Cargo theft indicators flashing red for the holidays

Trucking news and briefs for Wednesday, Dec. 21, 2022:

Cargo theft experts warn of holiday activity increase

CargoNet holiday 2022 warningOver the last five years, there has been a rise in theft incidents reported to the CargoNet command center during the winter holiday season. Here is a snapshot of the events, including theft by state, commodity type, location type, theft type, and loss value from December 23 through January 2.CargoNetCargo theft recording firm CargoNet has reported that supply chain theft activity is “extremely elevated,” and the company believes it will continue into the holiday season as experienced cargo thieves will seek to exploit a target-rich environment of unattended trucks and closed warehouses.

Theft and fraud complaints filed with CargoNet between Aug. 1 and Dec. 14 are up 27% year-over-year. Complaints filed between Dec. 1 and Dec. 14 are up 40% year-over-year, CargoNet noted.

CargoNet examined theft data between Dec. 23 and Jan. 2 for the past five holiday seasons to help trucking companies and others in the supply chain mitigate theft this holiday. In this analysis (see snapshot above), there were 176 incidents reported to CargoNet, and the average cargo theft was valued at $116,030. The number of incidents increased progressively each year. Last holiday season, there were 42 incidents reported between Dec. 23 and Jan. 2.

Incidents were most common in Texas and California, tied at 18% of incidents in each state. Incidents were also common in other major cargo theft hotspots like Georgia, Florida and Illinois.

[Related: Thieves targeting control modules in trucks: Law enforcement intensifies warning]

Thieves most often stole unattended vehicles and shipments parked at major retail parking lots and truck stops, though CargoNet noted that incidents at fenced truck yards were a close third to the other two categories.

Electronics commodities like TVs and computers were favored by cargo thieves in this analysis. The firm said commodity preferences closely mimic consumer demand. Cost and scarcity of some food and beverage products like meat and seafood will make them attractive targets this holiday. Cargo thieves also targeted shipments of tires, motor oil and major appliances, which remain attractive targets.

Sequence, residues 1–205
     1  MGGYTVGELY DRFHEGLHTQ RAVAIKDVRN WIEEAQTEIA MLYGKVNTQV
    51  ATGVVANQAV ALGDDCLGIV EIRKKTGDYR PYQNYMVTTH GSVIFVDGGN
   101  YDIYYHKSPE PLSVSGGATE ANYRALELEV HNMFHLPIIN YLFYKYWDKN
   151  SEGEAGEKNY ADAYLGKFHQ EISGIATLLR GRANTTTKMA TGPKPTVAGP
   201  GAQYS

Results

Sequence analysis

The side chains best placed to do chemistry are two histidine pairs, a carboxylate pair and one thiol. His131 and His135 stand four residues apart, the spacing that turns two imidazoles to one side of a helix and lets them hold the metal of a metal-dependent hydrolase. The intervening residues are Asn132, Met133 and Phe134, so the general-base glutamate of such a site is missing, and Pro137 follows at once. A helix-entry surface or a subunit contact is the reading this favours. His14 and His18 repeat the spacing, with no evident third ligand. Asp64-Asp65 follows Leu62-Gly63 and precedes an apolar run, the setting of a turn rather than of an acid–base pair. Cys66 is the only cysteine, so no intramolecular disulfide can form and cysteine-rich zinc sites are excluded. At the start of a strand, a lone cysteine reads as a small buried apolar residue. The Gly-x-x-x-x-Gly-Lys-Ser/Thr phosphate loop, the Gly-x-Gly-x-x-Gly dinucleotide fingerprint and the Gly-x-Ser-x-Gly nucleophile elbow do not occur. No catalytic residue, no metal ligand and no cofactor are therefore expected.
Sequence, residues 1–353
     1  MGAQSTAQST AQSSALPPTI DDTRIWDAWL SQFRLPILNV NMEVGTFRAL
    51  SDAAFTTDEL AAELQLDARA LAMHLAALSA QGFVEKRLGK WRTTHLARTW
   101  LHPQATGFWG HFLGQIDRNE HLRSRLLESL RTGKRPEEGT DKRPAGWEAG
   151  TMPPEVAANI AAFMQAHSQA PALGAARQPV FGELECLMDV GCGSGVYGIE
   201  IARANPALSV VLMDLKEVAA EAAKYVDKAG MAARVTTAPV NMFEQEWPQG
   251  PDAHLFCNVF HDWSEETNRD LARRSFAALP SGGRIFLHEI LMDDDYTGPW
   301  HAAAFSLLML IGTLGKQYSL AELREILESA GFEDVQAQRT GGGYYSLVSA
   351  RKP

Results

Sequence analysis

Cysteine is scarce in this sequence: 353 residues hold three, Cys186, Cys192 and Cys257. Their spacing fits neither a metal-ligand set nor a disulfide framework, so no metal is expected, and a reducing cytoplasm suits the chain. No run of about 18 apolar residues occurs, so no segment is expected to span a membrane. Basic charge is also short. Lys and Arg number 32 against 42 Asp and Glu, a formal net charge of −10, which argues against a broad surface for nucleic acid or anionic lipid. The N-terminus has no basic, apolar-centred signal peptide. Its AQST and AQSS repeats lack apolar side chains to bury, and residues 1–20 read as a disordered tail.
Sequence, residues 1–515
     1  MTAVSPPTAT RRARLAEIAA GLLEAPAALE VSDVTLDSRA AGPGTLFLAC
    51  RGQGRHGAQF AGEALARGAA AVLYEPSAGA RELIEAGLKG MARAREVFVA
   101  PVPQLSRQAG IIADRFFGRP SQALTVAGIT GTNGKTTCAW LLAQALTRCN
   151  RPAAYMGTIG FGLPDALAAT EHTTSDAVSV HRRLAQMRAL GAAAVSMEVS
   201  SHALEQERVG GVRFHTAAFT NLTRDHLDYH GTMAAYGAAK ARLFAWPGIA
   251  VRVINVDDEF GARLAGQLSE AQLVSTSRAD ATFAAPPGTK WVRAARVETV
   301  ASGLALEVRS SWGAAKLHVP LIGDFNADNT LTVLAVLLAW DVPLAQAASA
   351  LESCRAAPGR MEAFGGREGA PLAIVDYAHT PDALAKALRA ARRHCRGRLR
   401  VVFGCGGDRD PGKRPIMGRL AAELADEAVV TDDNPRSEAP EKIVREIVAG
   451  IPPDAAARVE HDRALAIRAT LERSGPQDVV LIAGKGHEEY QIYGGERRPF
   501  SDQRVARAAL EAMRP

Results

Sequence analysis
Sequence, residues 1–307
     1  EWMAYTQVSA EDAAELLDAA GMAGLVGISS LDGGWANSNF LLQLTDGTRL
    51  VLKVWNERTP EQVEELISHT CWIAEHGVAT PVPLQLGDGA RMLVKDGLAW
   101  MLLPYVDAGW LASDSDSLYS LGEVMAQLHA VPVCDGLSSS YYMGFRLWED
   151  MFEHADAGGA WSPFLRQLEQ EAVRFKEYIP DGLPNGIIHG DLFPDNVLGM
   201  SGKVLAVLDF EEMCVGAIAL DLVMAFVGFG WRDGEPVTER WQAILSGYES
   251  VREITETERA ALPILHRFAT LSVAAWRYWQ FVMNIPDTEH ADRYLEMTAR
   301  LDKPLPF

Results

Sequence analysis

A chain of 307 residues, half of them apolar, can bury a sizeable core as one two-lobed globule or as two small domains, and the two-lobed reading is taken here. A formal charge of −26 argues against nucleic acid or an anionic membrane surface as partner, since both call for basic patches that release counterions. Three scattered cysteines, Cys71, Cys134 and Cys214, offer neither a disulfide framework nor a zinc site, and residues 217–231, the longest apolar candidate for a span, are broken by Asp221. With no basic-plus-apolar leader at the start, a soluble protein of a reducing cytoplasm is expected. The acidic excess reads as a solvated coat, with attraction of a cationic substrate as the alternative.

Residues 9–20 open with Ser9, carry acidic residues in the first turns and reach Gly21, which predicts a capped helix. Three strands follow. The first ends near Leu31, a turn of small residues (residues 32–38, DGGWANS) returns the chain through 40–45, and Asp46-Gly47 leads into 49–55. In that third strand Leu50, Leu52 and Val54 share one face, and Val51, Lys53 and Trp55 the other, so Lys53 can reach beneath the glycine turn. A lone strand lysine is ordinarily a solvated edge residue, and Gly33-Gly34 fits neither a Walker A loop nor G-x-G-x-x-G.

"This holiday season, we're extremely concerned about specific categories of freight that may be targeted through complex fraud and misdirection schemes that have exploded in popularity in California and are spreading to other states,” CargoNet said.

Cargo thieves have been misrepresenting themselves as legitimate truck drivers to brokers and bidding on truckload shipments of solar panels, cryptocurrency mining equipment, motor oil, tires, appliances, and more. If their bid is accepted, the thieves will misdirect the shipment through a series of cross-dock warehouses and ultimately into their custody. Few shipments that have made it into their custody have been recovered, and it can take the victims in the supply chain weeks to realize what has happened, as thieves will often produce fictitious proof of delivery documents before disappearing. 

CargoNet said motor carriers should verify the legitimacy of any brokers that offer to hire them to pick up a shipment and deliver it to a nearby cross-dock instead of the consignee address.

[Related: Legal pressures, economic conditions for the new year ahead]

Winter storms prompt HOS relief for fuel haulers

Record winter storms and cold temperatures in many parts of the country have prompted four states out West to issue emergency declarations, waiving hours of service regulations for certain heating fuel haulers.